Most homeowners only need to replace their siding once in their lifetime. Consequently, it can feel like you’re hearing a foreign language as contractors discuss the siding replacement process with you. Realize contractors will ask about your desires in order to customize your project and achieve the optimal long-term results you deserve.
Familiarizing yourself with the terms that cover the basics of siding replacement is a perfect way to get ready for your home exterior upgrade. It will prepare you to ask smart questions to the contractors you reach out to for a written estimate. And you’ll end up with a better outcome as a result of doing your homework.
Siding Replacement Terms
Want to have confidence when you meet with contractors? Learn the language of residing. Here are some of the common terms you should know before beginning your siding replacement project.
The fascia is the attractive board that is visible under your roof’s overhang. It holds up your gutters and makes your roof appear finished. The fascia is also known as a “transition trim” between your home and your roofline. Your home’s fascia supports your shingles and helps keep moisture out.
This is an ornamental, horizontal band that appears on the exterior walls of your house, usually near the roofline.
The triangle-shaped portion of your home exterior that is adjacent to the roof on two sides, gables stabilize a peaked roof.
This is the material used to cover the exposed surface beneath the overhang of a roof. (Note: HardieSoffit® Panels come in a variety of textures and venting options.)
This is the piece of metal that is installed above windows and doors in order to keep moisture from invading your home.
Lap siding is horizontal planks that overlap and are also known as clapboard. When lap siding is installed, the boards are nailed in from the bottom up so they overlap. Lap siding comes in a variety of textures, colors, styles, and materials. The most popular lap siding material is durable James Hardie fiber cement (known for its durability and beauty). Lap siding also comes in vinyl (a cost-effective siding solution), LP SmartSide Engineered Wood, or traditional wood boards (a material that requires tedious maintenance to keep it in good shape).
This popular siding style is made of vertical panels and gives your home a contemporary look. These tall boards come in a variety of textures. Vertical siding can be installed on its own or combined with batten strips to create a different aesthetic.
Also called “shake siding,” this is made from separate pieces of siding material (usually low-maintenance fiber cement or genuine wood) and used to achieve a distinct look (perfect for Cape Cod style homes). It is traditionally made of individual pieces of wood in varying widths, creating a rustic appearance.
Board and Batten Siding
This rustic chic look is achieved by using vertical panels (boards) and adding trim or narrow strips (battens) between panels (perfect for Modern Farmhouse style homes).
Trim pieces used to provide a finished edge to a siding panel or soffit panel.
Installed under your siding replacement material, this “weather barrier” adds a protective layer to your home exterior and prevents moisture infiltration, while allowing water vapor to escape.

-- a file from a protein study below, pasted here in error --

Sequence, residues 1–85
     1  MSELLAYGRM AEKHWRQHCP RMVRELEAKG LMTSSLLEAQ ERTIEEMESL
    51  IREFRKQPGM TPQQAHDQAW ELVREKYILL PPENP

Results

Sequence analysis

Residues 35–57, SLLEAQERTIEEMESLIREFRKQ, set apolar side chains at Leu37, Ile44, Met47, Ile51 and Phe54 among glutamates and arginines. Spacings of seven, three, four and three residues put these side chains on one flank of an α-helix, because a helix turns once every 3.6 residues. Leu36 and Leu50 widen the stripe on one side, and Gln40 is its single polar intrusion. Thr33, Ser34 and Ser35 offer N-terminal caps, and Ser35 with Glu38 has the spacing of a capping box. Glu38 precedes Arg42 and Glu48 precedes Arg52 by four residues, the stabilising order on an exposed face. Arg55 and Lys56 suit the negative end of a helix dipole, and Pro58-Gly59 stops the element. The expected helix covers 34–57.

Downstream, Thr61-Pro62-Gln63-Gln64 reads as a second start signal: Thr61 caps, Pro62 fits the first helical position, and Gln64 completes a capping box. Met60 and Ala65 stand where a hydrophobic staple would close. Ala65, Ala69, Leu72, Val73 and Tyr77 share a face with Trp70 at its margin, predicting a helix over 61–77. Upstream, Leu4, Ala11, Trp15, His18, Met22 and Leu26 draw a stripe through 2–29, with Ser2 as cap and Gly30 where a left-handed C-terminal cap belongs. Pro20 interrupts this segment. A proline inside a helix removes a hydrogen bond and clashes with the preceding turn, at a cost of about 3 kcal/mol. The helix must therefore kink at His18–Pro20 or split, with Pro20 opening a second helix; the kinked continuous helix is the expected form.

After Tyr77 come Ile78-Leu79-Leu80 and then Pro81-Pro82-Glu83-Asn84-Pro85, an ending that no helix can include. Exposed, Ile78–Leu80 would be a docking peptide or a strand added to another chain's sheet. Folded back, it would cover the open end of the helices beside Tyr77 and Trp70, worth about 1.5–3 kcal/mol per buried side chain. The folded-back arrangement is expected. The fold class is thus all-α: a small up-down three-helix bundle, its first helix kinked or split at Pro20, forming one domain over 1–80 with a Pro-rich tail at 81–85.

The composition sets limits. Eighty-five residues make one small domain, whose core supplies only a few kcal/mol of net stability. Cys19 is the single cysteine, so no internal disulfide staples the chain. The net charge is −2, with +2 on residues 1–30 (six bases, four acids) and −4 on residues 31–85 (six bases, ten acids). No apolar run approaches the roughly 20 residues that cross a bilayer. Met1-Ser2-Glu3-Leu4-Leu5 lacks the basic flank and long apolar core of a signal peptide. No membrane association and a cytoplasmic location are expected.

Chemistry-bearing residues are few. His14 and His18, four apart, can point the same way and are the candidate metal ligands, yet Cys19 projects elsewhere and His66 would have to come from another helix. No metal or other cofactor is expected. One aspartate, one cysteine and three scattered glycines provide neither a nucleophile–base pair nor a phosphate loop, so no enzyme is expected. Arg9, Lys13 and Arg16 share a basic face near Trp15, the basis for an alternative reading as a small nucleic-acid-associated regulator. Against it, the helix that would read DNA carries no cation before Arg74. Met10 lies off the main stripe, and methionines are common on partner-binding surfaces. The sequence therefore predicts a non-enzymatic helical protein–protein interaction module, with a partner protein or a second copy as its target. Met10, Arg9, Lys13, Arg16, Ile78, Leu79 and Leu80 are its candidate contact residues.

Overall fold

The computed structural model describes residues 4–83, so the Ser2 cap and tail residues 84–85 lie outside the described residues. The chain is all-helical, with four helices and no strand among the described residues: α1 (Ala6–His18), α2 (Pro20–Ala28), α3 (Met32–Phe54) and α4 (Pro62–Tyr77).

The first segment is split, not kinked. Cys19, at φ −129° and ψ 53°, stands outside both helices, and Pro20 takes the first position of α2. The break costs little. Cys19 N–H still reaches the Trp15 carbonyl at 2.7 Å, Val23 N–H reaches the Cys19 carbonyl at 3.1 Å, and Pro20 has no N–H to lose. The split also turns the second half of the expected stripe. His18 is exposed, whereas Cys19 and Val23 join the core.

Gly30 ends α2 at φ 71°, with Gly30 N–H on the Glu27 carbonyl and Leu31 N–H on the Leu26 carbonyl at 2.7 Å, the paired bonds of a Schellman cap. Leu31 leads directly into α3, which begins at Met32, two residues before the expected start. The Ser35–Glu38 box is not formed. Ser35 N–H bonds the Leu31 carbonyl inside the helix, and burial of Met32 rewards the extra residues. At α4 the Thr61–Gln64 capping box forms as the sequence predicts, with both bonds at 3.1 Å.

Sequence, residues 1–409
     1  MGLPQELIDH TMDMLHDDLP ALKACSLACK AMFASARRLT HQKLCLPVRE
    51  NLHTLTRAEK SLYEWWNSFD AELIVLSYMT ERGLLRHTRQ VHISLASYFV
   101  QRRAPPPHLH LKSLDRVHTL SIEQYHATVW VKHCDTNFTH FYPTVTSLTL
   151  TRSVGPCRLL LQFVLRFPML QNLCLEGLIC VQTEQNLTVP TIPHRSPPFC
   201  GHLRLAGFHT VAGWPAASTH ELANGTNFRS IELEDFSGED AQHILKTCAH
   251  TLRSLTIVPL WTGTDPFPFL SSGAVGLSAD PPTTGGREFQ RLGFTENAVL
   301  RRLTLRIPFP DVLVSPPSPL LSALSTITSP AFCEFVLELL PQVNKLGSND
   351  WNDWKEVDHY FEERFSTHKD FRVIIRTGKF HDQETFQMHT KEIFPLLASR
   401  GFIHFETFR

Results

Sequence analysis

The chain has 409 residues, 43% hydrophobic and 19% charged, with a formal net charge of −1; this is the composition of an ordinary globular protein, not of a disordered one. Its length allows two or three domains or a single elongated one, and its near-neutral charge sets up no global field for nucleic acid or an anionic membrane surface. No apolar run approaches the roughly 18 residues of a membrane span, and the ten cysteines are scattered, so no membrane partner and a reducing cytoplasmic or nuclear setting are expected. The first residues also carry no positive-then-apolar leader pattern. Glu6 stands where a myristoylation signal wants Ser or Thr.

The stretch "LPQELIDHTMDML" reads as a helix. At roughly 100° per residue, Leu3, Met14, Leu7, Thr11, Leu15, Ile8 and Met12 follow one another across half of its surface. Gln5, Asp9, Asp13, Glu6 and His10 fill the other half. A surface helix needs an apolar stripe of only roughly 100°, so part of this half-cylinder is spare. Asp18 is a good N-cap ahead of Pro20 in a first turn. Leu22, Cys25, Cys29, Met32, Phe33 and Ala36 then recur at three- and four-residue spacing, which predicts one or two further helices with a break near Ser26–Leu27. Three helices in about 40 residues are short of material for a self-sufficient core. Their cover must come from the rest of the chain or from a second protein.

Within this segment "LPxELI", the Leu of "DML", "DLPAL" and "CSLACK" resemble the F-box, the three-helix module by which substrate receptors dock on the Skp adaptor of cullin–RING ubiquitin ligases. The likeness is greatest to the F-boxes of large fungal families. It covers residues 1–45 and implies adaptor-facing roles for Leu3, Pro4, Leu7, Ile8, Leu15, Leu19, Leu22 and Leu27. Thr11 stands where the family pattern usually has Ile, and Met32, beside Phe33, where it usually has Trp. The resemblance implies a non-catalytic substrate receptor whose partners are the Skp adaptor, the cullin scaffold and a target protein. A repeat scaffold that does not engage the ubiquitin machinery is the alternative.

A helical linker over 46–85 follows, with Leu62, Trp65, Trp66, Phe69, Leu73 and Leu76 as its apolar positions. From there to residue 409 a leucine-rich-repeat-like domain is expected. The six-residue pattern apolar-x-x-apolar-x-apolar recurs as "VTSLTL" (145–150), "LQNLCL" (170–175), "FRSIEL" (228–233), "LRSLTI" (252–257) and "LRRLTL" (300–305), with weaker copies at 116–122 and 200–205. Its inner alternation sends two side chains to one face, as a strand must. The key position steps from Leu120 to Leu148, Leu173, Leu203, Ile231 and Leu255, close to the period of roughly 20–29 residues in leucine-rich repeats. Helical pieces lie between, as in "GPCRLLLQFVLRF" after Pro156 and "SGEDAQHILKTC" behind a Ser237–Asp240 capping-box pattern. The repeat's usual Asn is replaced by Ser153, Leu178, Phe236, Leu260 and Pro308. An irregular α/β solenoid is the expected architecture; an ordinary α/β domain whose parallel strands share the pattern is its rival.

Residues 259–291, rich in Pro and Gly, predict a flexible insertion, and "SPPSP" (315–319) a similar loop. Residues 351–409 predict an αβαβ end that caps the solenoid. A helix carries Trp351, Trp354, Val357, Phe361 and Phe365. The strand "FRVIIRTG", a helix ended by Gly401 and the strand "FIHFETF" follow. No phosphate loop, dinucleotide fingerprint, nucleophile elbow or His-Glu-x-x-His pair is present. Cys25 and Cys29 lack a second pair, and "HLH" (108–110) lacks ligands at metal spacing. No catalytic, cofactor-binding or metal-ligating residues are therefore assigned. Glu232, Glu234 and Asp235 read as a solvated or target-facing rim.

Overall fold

Also referred to as “the reveal,” siding exposure is the visible space between the bottoms of adjacent rows of siding. This term is used primarily when describing lap siding. Exposure differs from the total height of your siding planks because rows of horizontal siding slightly overlap each other when they are installed.
Blind Nailing and Face Nailing
Blind nailing is when the fastener drives through the top of the siding plank (keeping the nail out of sight once your siding is installed). Face nailing is when the fastener drives through the overlap at the bottom of the plank (making the nail visible once siding is installed). Note: the James Hardie company recommends blind nailing.
This is the material nailed to the studs on the exterior side of the wall, providing a surface area to fasten the siding and trim.
The piece of siding is located on the opposite side to the fastening strip, which locks into the preceding piece of siding or trim.
This is the bend in the center of a piece of siding that makes the siding appear to be two pieces instead of one.
The portion of a siding panel that is visible after installation; it contributes significantly to your home’s curb appeal.
This is a hole that has been introduced into a siding panel or trim piece to allow water to drain away from the panel.
A horizontal strip fastened to the lowest point of the siding installation, this is used to connect the first course of siding to your home’s structure.
Transform Your Home Exterior with New Siding
When siding ages, your home’s protective layer is compromised, making your biggest investment vulnerable to costly damage—like water intrusion. Don’t risk the possibility of suffering damage to your home from moisture or pests. When your home siding becomes compromised, it’s time for a replacement.
At Denver’s Refined Exteriors, we install fiber cement, James Hardie siding, LPSmartSide, and Engineered Wood siding. Our solid workmanship warranty gives you a 5-year warranty on labor plus the manufacturer’s warranty.
Take a moment to dream a little about your home exterior upgrade. Learn more about how our siding services can update your home to beautiful.